Helping to Keep Young People Substance and Addiction Free

Potato Allergy Books

Alcohol, Drugs & You: A Young Person's Guide to Avoiding Addiction

Statistics show that we are not talking about alcohol and drugs early enough or effectively with our children.  The National Institute on Drug Abuse has determined that children are now abusing drugs and alcohol as young as 12; and for that abuse to be taking place, they must have tried these substances far earlier. Statistics also show that the earlier kids begin experimenting, the more likely it is they will become addicts.

Simple logic then tells us that the earlier we reach kids with information about substance abuse, the better our chances of helping them avoid it.

In Alcohol, Drugs & You: A Young Person’s Guide to Avoiding Addiction, the father-daughter team of Marc and Lianna Treitler do just that. They open the door to conversation with adolescents about substance abuse and how to avoid it.

An easy read for kids that will spark conversation with their adults, ALCOHOL, DRUGS & YOU should  be a mainstay in classrooms, youth detention centers, and organizations where children gather throughout the country.  You donation can help make this happen.

My Dad is An Alcoholic Book

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My Dad is an Alcoholic, What About Me?

Millions of kids deal with parental substance abuse. And more important than the example this sets, more destructive than the stress it causes, is the genetic predisposition that comes with being the child of someone suffering from addiction.These children need help, advice, guidance, and reassurance to keep them from following in the footsteps of their parents. And the earlier this help comes, the more likely they will avoid following in their parent’s footsteps.

Using their own experiences as the backdrop, Marc Treitler and his teenage daughter, Lianna, candidly and movingly discuss Marc’s alcoholism, his recovery, and how both impacted their family.

With this as the backdrop, Marc and Lianna provide young readers – and their adults – both reasons and strategies for them to stay substance-free.

For any child who has been impacted by alcoholism, My Dad is an Alcoholic, What About Me? provides reassurance that they can avoid following in their family member’s footsteps, tips on deflecting peer pressure, guidance on dealing with the stressors concurrent to dealing with a family member who is a substance abuser, and an understanding of the science behind addiction.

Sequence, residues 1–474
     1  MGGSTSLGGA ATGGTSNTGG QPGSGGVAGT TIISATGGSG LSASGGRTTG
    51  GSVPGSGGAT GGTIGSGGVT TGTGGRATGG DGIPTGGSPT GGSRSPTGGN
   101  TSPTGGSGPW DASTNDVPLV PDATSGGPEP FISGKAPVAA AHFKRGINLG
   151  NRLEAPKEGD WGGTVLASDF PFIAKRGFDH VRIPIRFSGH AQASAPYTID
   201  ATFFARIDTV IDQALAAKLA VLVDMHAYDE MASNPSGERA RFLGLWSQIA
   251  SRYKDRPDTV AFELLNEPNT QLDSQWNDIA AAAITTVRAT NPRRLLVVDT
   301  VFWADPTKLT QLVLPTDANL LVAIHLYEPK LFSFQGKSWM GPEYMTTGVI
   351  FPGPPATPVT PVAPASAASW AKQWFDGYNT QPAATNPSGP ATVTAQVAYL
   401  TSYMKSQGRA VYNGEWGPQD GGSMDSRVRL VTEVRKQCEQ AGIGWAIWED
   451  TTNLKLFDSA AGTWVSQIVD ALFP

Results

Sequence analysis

Putting this book in the hands of a child with a genetic predisposition towards addiction could be the first step in saving their life. And your donation can help make this happen.

About the Authors

The Treitler family understands addiction.

Marc, the dad, grew up in a family of addicts.  Becoming himself a high-functioning alcoholic, his academic and then business success allowed him to overlook his problem – until a comment from his then eight-year old daughter opened his eyes and drove him to rehab.

Rowena, the mom, held the family together throughout her husband’s alcoholism and then supported his recovery.  She knows what it is like to live like an almost-single-parent because your spouse is unreliably available, and she understands the stressors with which children of addicts deal.  Most importantly, she knows what a genetic predisposition to addiction can lead to, and she id dedicated to preventing her children and the children of others of falling prey to it.

Meet the Treitlers

Lianna, the teenage daughter, was the catalyst to Marc’s recovery. After attending a concert with her dad when she was eight, her only comment on the event was about dad’s drinking.  It was an eye-opener for Marc and the driving force behind him entering rehab. The co-author of both books, Lianna has now made many media appearances and spoken at schools, encouraging parents to open conversations about substance abuse early and kids to stand strong against peer pressure.  Getting ready to apply to colleges, Lianna is planning on becoming a pediatrician.

Bennet, the teenage son is responsible for all the artwork in the books.  Now a high-school student, When not involved in video games, creating videos, or sports like soccer or baseball, he can be found working on his Tae Kwan Do moves or drawing.  Like Lianna, he understands the imperative of the early conversation about substance abuse.